Phytophthora Crown and Fruit Rot in Pumpkins

Posted: August 8, 2012

Pumpkin growers throughout Pennsylvania have carefully monitored their crop for signs of powdery mildew and other diseases, but the recent heavy rainfall in some areas may spark an outbreak of Phytophthora crown and fruit rot in some of the poorer draining fields.
Phytophthora crown and fruit rot on pumpkin. Photo credit Tom Butzler.

Phytophthora crown and fruit rot on pumpkin. Photo credit Tom Butzler.

Phytophthora crown and fruit rot is caused by the oomycete, Phytophthora capsici. This organism thrives when air temperatures are between 77 and 830 F and when there is abundant rainfall to aid the swimming zoospores in their infection of susceptible plants.

In 2008, Central Pennsylvania pumpkin growers felt that they were on their way to an above average year when a series of torrential rain events fueled by tropical moisture hit the area. While none of the fields were completely flooded, growers did note standing water in some sections of their fields. Within days, growers noticed white on a few pumpkins and before a week had past the growers were watching helplessly as Phytophthora crown and fruit rot spread like a wildfire across their fields leaving a wake of rotting pumpkins and dying vines.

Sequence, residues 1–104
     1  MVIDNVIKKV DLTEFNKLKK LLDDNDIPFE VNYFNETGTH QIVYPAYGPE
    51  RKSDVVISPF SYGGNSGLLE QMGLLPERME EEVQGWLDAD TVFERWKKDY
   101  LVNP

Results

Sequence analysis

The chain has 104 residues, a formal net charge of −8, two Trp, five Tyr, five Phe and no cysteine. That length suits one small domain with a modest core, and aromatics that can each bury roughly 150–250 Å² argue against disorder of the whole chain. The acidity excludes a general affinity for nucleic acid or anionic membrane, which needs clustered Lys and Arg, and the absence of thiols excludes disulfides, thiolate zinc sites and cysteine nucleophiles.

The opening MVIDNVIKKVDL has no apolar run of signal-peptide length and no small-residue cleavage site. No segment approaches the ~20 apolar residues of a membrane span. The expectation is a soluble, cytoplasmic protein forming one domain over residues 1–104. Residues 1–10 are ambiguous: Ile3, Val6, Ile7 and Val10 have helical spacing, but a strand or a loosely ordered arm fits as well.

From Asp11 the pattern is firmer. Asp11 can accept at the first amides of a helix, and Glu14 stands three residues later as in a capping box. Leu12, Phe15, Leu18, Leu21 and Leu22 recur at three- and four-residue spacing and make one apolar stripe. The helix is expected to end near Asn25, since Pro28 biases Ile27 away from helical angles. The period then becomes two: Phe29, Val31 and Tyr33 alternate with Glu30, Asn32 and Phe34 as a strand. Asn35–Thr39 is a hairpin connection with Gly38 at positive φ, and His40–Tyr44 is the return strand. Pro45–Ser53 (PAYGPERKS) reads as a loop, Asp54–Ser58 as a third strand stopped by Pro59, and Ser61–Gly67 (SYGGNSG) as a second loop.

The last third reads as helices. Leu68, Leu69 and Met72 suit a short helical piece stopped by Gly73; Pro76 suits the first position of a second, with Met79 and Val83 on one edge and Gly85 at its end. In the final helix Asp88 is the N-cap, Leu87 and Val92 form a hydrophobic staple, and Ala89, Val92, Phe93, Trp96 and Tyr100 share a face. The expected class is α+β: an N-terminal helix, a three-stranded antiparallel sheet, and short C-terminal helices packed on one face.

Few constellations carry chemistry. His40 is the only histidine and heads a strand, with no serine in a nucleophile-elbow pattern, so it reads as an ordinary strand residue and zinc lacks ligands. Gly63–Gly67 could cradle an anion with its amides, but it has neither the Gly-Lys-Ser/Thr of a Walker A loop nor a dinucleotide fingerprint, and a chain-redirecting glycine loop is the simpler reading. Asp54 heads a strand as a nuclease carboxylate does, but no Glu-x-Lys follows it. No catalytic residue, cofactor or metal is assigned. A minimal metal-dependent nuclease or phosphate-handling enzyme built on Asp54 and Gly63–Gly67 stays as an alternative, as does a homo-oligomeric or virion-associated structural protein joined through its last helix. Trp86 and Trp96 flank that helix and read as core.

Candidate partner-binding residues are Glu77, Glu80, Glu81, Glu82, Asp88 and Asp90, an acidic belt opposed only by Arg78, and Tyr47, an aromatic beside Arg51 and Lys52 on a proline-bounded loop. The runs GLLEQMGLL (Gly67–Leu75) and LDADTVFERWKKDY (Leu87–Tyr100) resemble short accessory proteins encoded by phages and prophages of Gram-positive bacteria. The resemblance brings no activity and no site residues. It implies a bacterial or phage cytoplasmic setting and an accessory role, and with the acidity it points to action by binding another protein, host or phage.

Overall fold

Growers who have pumpkins growing in poorly drained fields should consider applying a tank-mix of fixed-copper (at labeled rates) with fungicides like Revus, Presidio, Forum or Tanos when conditions favor disease development. The fungicide Ranman can also be used to suppress this disease in pumpkin fields, but it cannot be combined in a tank-mix with a fixed copper. Growers should alternate fungicides with different modes of action or Fungicide Resistance Action Committee (FRAC) codes to minimize the chances for fungicide resistance.

Fields where Phytophthora crown and fruit rot have been detected should be rotated away from susceptible crops for a minimum period of three years. Susceptible crops include tomatoes, eggplant, pepper, lima beans, snap beans, and other cucurbits.

Tom Ford, Penn State Extension, (